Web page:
The concept of creating soccer fields at the former County Home grounds was
kicked around on Thursday as the Porter County Park Board debated what role
it should have in a potential partnership.
Representatives of the Valparaiso Soccer Club, president Stuart Stanfill and
Bryan McFadden, told the board they are in search of land available to put
in three full-size soccer fields so their teams can have some place to play
their games on weekends.
Stanfill said the club, which has about 200 boys and girls participating,
has traditionally played at West Side Park in Valparaiso but playing time
there for VSC and other teams has become scarcer as more are competing for
“We’re not alone in that it is going to be a continuing problem,” Stanfill
As reported in the Tribune earlier this week, Stanfill and McFadden
turned to the Porter County Parks Department asking if they it had land that
could be set aside for sports field development.
Parks Superintendent Walter Lenckos said nothing was available in terms of
land zoned for active use. Lenckos however suggested the former county home
grounds, a 9-acre parcel on Ind. 2 south of Valparaiso, which had been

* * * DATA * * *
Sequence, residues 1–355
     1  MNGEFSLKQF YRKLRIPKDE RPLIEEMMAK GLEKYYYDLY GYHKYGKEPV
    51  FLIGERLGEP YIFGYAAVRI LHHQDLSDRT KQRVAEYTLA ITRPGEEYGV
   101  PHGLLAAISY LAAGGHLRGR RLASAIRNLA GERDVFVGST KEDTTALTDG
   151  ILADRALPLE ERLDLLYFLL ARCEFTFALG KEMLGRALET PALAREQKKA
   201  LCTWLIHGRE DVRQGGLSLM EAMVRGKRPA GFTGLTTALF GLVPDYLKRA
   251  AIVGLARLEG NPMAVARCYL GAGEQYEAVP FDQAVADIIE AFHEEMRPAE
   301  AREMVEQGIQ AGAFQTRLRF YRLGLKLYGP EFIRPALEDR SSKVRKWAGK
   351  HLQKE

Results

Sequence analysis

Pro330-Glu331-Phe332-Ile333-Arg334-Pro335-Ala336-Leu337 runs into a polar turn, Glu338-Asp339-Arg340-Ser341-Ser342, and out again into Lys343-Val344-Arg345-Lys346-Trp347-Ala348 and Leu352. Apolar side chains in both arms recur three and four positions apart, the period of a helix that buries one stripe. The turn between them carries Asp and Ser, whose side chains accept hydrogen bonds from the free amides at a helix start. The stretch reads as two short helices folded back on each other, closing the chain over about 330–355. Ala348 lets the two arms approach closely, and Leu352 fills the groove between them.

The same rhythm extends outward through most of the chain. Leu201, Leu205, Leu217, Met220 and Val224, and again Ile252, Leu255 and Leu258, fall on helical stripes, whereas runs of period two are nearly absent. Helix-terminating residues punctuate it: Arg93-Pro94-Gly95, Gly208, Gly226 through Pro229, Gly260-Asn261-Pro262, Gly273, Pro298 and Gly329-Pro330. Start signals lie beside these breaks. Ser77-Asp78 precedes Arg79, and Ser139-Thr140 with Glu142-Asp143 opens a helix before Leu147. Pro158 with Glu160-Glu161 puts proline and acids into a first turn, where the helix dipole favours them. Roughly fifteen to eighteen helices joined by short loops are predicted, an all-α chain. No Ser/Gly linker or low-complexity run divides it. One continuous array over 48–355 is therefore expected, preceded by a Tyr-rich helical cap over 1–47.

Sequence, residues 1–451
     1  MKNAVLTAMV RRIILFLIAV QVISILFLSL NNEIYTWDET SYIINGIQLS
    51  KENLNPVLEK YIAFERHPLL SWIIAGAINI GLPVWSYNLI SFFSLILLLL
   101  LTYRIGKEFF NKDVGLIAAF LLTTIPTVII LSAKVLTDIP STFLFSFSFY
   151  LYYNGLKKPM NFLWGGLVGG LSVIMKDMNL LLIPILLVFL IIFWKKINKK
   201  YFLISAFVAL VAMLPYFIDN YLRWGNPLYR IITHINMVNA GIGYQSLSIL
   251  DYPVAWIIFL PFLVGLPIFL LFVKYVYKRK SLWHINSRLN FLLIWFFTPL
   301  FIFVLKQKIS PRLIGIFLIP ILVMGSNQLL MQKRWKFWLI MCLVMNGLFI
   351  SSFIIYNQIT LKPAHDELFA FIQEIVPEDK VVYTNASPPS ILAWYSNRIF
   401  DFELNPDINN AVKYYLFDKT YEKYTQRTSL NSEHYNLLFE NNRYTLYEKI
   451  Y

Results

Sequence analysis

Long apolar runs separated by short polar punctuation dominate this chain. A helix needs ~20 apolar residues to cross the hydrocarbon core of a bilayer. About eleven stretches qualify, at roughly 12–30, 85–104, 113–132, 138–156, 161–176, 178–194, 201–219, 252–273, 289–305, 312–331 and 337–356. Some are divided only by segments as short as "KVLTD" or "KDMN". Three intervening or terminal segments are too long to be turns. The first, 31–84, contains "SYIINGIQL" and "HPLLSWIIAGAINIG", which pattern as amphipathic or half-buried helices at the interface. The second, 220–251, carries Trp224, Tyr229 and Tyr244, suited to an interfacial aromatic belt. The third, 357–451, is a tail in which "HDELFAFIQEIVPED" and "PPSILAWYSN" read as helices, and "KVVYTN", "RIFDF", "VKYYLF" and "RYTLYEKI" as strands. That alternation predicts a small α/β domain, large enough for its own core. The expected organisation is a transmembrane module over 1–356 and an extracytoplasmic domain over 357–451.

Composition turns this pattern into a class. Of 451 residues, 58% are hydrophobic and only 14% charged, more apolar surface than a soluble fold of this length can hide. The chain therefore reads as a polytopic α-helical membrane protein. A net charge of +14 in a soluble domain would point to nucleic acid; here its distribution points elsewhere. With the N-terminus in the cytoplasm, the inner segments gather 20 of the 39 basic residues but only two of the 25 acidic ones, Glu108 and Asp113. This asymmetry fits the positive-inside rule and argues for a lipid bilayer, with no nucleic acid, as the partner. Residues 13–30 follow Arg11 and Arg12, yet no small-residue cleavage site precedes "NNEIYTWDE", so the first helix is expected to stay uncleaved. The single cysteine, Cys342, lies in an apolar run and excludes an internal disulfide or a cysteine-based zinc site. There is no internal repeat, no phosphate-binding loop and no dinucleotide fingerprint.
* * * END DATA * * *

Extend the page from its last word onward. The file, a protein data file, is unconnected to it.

previously suggested as a location for a soccer field, T-ball field and a
playground with walking trails.
The property is owned by the County Commissioners who on Tuesday took the
VSC’s request of putting in three or four full-size soccer fields under
advisement. County Commissioner President John Evans, R-North, said he would
like to see commitment from the park board before his board votes on the
But the park board voiced its concerns on which party would be responsible
for development costs. Board members Craig Kenworthy and Rebecca Tommerlin
said the board is not in a financial position to carry out an agreement,
especially since the engineering would need to be done on grounds considered